As summer inevitably crawls closer, cold and harsh black metal is the best way to spend an evening in withdrawal from the sun. Especially if the performing band is none other than the legendary Taake from Bergen, Norway.
My expectations were high, and the closer it was to the show, the more impatient I was getting. But fast-fowarding ahead, the gig fulfilled all my expectations to say the least, so it was definitely worth the wait.
Just like during their last show in Helsinki, Taake were supported by Finnish bands; this time the warm-up acts were Väki from Tampere and Hexhammer from Helsinki.
Väki could be described as your typical opening band: slightly repetitive but far from boring, their set helped the audience to immerse in the mood of the black metal evening. Even though the sound suffered at first, it improved throughout the gig and the vocals were made more audible. Though the venue was still far from crowded, the audience was already clearly having a good time.
After the sinister pagan metal atmosphere Väki created onstage, Hexhammer brought forth their black ‘n’ roll vibes to Korjaamo. The gig’s overall ambiance was not really something one could expect as a support to Norwegian black metal, nor was it something I would usually listen to – and such a change from what I mostly listen to was an interesting one. One of the best things about Hexhammer’s gig was the bass lines, audible and powerful throughout the gig.
When the opening bands were done, the long-awaited headliner made sure to mesmerize the crowd with an aggressive black metal storm.
Not every black metal gig includes such intense interaction with the audience. Well, Taake’s gig did and Hoest, the mastermind behind the band, had seen to it. With the dedicated (one could almost say: possessed) frontman handing the mic out to the audience, giving fist bumps, holding fans’ arms (or almost hugging them) and more of the like, the gig was literally in-your-face.
The eerily melodic intro which preceded “Jernehaand” from the newest album opened the show. And what a show it was… Taake drenched Korjaamo in northern darkness at its finest.
If the first song hadn’t gripped the crowd yet, “Nordbundet” surely did. The song from Noregs Vaapen, stunning as it is on the album, was an experience beyond words played live.
The night went on with “Bjoergvin IV” from the early material. A classic from the album of the same title, beginning with roaring black metal cacophony and moving smoothly to a far more melodic part, was just as perfectly balanced as the Norwegian masters can do. “Inntrenger” was to be played next, and the Kong Vinter madness didn’t end there, and “Havet i Huset” with its incredibly danceable passage rocked the hell out of the venue. It could be seen also among the enthusiastic crowd, who were clearly having a great time.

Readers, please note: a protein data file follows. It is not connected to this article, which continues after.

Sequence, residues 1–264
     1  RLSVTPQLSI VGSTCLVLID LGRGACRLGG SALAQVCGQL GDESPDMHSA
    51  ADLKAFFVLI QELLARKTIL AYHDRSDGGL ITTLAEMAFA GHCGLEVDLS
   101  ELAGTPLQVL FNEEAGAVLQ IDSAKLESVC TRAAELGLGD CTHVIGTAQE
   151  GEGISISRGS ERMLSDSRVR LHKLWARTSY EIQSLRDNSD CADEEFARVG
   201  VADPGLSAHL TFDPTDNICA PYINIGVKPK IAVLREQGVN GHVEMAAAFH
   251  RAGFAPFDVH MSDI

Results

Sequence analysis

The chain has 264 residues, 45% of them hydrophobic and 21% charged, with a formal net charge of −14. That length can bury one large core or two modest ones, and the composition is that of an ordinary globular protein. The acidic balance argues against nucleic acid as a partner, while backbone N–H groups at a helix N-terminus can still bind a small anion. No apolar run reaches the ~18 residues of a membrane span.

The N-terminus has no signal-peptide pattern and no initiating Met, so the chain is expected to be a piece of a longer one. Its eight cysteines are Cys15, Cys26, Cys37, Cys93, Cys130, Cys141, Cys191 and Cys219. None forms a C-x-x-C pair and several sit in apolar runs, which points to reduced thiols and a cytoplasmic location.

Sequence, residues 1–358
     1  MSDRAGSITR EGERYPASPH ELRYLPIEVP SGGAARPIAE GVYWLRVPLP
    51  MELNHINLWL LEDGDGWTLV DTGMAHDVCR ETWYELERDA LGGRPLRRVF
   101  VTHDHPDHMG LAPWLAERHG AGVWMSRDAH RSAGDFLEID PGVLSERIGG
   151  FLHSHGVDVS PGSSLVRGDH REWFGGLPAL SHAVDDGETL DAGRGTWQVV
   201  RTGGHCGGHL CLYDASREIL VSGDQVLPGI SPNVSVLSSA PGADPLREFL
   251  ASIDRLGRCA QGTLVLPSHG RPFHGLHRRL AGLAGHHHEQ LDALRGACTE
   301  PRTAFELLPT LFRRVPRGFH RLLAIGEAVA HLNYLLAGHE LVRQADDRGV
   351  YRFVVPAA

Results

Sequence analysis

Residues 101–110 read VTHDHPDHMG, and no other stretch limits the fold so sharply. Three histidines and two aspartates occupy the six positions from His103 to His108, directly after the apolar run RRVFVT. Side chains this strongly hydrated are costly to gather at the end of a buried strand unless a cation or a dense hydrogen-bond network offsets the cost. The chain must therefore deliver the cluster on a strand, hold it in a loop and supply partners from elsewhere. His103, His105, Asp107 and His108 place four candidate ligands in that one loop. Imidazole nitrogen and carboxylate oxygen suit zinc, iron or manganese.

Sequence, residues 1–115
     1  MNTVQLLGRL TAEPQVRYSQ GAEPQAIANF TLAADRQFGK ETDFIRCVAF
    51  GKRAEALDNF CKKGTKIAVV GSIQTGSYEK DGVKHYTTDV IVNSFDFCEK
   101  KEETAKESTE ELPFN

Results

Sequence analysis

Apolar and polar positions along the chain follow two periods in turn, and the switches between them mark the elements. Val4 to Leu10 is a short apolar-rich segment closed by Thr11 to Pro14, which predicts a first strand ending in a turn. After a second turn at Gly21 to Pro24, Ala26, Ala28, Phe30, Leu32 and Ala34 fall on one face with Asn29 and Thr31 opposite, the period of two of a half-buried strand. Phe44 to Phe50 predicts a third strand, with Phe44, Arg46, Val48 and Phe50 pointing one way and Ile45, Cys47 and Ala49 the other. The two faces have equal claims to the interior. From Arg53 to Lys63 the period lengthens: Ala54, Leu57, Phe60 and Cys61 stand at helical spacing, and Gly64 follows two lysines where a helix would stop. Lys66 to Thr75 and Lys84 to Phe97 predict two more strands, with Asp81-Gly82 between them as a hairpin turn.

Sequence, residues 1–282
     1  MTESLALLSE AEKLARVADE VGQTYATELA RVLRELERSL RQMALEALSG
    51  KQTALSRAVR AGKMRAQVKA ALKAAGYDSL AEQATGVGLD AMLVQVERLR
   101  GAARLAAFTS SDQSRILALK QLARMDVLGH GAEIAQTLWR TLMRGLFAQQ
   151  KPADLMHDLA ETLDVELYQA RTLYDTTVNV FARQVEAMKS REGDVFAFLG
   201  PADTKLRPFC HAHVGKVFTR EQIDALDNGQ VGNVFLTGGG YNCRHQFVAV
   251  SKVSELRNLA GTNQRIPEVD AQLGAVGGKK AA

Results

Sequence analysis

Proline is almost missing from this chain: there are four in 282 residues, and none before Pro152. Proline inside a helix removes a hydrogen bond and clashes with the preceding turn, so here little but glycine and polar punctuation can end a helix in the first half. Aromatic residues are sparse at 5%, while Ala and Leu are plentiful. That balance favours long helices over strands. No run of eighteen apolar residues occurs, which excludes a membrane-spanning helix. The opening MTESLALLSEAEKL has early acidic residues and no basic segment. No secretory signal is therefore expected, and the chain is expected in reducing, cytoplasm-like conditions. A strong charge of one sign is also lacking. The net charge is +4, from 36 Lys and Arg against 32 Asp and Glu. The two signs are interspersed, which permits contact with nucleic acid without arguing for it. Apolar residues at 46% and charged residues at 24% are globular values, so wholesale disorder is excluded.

“Orm,” the only song from Stridens Hus which had been played that evening, ensured the setlist included works from all of Taake’s discography. After all, the band has been around for 25 years, which Hoest didn’t forget to mention. In light of recent controversies, a cancelled US tour and the Stockholm gig being moved to a secret location, the frontman made sure to praise the Finnish attitude as well. Those who were at the gig surely remember both the musician’s words of approval and the cheering audience appreciating his words.
The first song from Taake’s debut album was left for the end – “Nattestid I,” more melancholic than the band’s latest material, made just as great of an impression as more aggressive songs from the newer albums.
With the set drawing to a close, “Doedsjarl“ could be heard. This song from Taake’s self-titled album sung by Hoest and the bassist V’gandr was definitely one of the concert’s highlights. And the evening’s last song was “Myr,” unmistakable with its banjo solo. With the setlist stretching to 12 songs and the concert lasting nearly an hour and a half, the Taake gig was entertaining beyond words as well as professional and delightfully dark.
Full photo gallery by Marco Manzi here.